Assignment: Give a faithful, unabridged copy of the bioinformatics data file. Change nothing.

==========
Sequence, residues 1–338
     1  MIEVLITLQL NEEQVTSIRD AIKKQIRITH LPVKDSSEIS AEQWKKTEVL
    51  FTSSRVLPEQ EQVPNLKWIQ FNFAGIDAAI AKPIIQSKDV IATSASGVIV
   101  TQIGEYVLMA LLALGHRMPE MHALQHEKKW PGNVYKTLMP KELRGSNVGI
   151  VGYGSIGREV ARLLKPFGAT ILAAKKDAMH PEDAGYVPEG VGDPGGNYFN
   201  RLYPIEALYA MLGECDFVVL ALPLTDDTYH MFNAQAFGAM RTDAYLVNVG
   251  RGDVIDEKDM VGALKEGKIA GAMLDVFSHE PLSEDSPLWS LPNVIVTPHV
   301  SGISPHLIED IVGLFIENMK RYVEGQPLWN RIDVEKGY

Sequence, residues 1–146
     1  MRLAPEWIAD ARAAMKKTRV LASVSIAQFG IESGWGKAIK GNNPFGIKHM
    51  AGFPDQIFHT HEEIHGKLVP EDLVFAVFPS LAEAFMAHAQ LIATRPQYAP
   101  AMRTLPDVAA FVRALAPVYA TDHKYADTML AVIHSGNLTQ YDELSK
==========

Sequence, residues 1–338
     1  MIEVLITLQL NEEQVTSIRD AIKKQIRITH LPVKDSSEIS AEQWKKTEVL
    51  FTSSRVLPEQ EQVPNLKWIQ FNFAGIDAAI AKPIIQSKDV IATSASGVIV
   101  TQIGEYVLMA LLALGHRMPE MHALQHEKKW PGNVYKTLMP KELRGSNVGI
   151  VGYGSIGREV ARLLKPFGAT ILAAKKDAMH PEDAGYVPEG VGDPGGNYFN
   201  RLYPIEALYA MLGECDFVVL ALPLTDDTYH MFNAQAFGAM RTDAYLVNVG
   251  RGDVIDEKDM VGALKEGKIA GAMLDVFSHE PLSEDSPLWS LPNVIVTPHV
   301  SGISPHLIED IVGLFIENMK RYVEGQPLWN RIDVEKGY

Sequence, residues 1–146
     1  MRLAPEWIAD ARAAMKKTRV LASVSIAQFG IESGWGKAIK GNNPFGIKHM
    51  AGFPDQIFHT HEEIHGKLVP EDLVFAVFPS LAEAFMAHAQ LIATRPQYAP
   101  AMRTLPDVAA FVRALAPVYA TDHKYADTML AVIHSGNLTQ YDELSK